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...A Sustainable Future For All

Fixing and using railway sleepers for your landscaping project

Fixing and using railway sleepers for your landscaping project

Posted Apr 6, 2011 by:

Using and Fixing Railway Sleepers 

Many of our landscaping customers use new railway sleepers to create the look and feel that they require for their projects. Railway sleepers can be used all over the garden for raised borders/vegetable beds, driveway/path edgings and soil retention.
 
Retention 
Generally the railway sleepers are laid lengthwise, whether on edge or flat will depend on the strength, preference and budget. To hold them in position for walls proposed to be 1M high or more then steel H section columns (known as UC or Universal Column) can be used. Lower heights can be accommodated more cheaply using part of a sleeper dug into the ground and erected in vertical fashion. The lowest heights of 150-400mm will require very little to secure the railway sleepers into position, depending on the length and shape (right angles tend to add strength). 
 

We sell a range of railway sleepers that are suitable for all kinds of landscaping projects. 

 
Raised Borders
It’s important to think about what’s most comfortable and practical for you when you are gardening. Also, consider where the bed will be positioned and whether you can stand or sit next to one side of the bed, or whether both sides are accessible.
 
Width
The width of a raised bed, which you can access from both sides, can be up to 1,000mm wide. At this width you should be able to reach all areas of the bed with ease. The length of the bed will then be determined by the space you have available and how big you want the bed to be. If you can only access the bed from one side, the maximum width is around 500mm.
 
Height
The height of a raised bed will be determined by what’s best for you. Think about whether you garden standing, sitting or kneeling, whether you’d like to sit on the edge of the bed and how it will look in your garden.
 
Railway sleepers
A bed made from railway sleepers will be extremely strong and long lasting, with an attractive natural look. Sleepers come in a standard size of 250mm × 200mm × 2,400mm.
You can use them horizontally, or cut them in length and lay them in the same way as timber posts.
 
Railway sleepers are wide, which means you have to reach further to get to the soil. To help minimise reaching across, you can lay them on their edge. 
 
Building your raised boarders
Mark out your bed area then cut the sleepers to length and cut the ends to overlap at corners.  Sink the bottom sleepers into the ground to half their depth, drill holes in the sleepers at 1m centres, 25mm wide by 75mm deep.  Tap 150mm long dowels into the holes, fix the next layer of sleepers by locking dowels into matching holes. Drill and fix the next layer of railway sleepers.  At corners and 1m intervals drive 1,000mm × 75mm × 75mm stakes into the ground inside your bed, burying half their length.  Attach each sleeper to the support stakes using 200mm coach bolts.  Line the bed walls with polythene to stop preservative leaching into the soil and then lay hardcore, permeable membrane and then the soil.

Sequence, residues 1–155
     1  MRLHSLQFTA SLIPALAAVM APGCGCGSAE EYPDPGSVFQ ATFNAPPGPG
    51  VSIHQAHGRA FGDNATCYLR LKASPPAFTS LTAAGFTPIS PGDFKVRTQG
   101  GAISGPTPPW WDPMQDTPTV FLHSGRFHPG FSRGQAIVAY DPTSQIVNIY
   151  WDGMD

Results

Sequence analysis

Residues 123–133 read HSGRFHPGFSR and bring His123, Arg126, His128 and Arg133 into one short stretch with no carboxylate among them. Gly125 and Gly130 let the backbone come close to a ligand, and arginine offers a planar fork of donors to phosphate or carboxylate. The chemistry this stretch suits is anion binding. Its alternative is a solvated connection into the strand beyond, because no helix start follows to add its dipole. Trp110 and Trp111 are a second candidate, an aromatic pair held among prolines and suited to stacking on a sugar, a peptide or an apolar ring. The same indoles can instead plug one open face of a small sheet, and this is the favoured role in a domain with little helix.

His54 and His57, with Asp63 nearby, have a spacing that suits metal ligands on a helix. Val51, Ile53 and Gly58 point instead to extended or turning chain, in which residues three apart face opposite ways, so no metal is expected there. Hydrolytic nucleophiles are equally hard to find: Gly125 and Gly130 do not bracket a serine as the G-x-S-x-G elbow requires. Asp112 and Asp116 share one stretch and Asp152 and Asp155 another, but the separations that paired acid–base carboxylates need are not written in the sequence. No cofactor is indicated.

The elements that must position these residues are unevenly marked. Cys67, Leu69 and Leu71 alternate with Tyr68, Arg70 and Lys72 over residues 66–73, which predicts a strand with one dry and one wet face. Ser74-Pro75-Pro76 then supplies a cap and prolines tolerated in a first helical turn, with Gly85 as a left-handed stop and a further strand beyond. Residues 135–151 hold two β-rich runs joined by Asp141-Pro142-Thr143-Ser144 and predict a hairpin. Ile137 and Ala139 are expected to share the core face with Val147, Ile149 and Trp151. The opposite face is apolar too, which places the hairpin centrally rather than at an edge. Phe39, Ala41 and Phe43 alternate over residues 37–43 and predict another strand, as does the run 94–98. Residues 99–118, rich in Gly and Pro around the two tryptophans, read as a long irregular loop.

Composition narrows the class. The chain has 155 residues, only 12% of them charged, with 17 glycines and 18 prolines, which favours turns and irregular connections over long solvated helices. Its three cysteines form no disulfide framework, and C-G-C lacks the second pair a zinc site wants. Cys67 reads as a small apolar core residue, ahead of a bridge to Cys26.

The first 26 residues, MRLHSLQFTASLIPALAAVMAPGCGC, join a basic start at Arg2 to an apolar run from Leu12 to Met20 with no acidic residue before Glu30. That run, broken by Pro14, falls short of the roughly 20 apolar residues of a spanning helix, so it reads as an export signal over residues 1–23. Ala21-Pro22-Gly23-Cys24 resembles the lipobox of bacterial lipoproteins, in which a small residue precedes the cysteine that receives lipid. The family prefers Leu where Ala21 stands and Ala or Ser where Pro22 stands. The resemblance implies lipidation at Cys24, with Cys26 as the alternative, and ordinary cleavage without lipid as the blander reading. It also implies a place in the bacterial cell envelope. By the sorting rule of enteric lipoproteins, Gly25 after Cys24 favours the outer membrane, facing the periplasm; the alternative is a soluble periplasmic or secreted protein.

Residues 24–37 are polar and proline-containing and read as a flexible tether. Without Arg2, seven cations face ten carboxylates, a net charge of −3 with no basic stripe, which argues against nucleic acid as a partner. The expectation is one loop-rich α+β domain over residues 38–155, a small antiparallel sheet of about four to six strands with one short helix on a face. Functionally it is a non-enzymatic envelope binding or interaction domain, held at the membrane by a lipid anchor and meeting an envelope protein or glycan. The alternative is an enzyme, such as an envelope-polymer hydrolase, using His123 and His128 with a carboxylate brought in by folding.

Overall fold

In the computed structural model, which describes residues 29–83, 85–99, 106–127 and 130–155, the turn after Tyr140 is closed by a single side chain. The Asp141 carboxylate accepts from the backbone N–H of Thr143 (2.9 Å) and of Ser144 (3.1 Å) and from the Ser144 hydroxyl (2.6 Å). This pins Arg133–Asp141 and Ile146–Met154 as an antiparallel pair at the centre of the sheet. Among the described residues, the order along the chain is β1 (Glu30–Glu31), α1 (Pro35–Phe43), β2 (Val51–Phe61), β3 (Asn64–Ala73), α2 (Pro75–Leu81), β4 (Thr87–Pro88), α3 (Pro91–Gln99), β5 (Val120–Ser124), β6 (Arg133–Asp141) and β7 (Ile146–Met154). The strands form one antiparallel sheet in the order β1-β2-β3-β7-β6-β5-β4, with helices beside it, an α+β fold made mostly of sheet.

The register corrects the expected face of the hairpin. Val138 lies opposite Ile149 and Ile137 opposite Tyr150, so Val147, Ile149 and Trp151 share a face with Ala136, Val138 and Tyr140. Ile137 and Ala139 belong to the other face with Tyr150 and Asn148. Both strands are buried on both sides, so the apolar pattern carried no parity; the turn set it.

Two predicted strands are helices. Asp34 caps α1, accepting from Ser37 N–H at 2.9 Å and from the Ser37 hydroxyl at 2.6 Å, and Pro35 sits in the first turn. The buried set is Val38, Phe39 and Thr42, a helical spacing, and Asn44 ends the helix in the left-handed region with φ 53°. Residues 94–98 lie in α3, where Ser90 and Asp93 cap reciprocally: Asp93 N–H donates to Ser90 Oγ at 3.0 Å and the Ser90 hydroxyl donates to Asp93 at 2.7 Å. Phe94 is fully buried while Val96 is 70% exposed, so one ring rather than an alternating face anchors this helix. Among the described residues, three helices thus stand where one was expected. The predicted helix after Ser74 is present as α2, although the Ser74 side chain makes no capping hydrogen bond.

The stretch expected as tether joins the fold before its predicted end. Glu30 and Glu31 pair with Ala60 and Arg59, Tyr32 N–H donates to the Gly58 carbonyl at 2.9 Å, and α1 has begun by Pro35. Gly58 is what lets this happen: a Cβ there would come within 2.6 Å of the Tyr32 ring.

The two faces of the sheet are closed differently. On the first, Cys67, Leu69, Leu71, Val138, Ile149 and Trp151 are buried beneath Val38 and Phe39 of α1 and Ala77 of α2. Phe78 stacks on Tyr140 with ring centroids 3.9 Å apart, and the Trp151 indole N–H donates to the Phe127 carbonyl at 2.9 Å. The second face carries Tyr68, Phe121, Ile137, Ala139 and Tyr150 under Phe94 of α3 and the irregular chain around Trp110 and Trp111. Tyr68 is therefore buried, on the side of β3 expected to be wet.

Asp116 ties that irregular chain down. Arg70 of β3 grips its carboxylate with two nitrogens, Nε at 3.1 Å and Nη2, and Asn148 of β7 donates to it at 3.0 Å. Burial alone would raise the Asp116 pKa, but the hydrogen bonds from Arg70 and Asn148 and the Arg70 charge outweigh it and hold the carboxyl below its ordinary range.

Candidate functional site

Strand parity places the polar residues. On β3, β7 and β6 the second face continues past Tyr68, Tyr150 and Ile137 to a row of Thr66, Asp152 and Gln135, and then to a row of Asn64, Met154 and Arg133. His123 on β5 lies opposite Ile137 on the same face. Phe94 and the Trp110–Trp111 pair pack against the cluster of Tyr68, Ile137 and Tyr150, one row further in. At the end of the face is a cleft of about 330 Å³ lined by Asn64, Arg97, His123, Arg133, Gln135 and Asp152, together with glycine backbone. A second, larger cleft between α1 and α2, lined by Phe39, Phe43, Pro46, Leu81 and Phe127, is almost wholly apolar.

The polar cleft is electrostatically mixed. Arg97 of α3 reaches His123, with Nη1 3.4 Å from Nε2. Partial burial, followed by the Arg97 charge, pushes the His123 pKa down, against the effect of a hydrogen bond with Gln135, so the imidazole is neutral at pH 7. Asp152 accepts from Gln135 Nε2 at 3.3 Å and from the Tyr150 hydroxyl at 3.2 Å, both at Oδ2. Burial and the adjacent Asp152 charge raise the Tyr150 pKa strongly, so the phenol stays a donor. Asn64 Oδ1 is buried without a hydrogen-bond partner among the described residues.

Weight:
The weight of railway sleepers varies depending on density, type, and age of the tree that hey came from. An example would be:
Pine 100-140 lbs
Oak 150-180 lbs
Beech & Jarra. 170-200 lbs
Azobe 200 - 240lbs
 
Size:
Most railway sleepers are approximately: (other sizes available on request)
8' 6" or 2.6 metres long 
10" or 250mm wide
5" and 6" in depth 
 
Cutting:
Cutting is best done with a chainsaw. 
Move railway sleepers will require 2 people due to size and weight. 
Recycled railway sleepers are different in appearance each side, so require rotating to get the right look.
 
Fixing
To fixing railway sleepers landscaping screws can be used which are strong steel screws available up to 250mm in length with a hexagonal head and fixed using a power drill. These  will screw right through a sleeper and fix into the one below. They need an extremely high force before they pull out so they make a really strong joint.
An alternative method is TimberLok which has a clear 'anti-friction topcoat' allows it to penetrate the hardest wood more easily than other screws.  They install faster than coach screws or bolts and do not requires drilling, with a countersunk finish.
These screws tighten up so powerfully, that they lock the railway sleepers together, this can make it harder to remove if required so you need make sure everything's correctly in position.
 
Treatment
The normal treatment for railway sleepers are either tar and creosote to lengthen the life of timber; ACQ / tannalised which is environmentally friendly; or simply untreated (if hardwood).
 
Railway Sleepers, available from our online shop.
 

 

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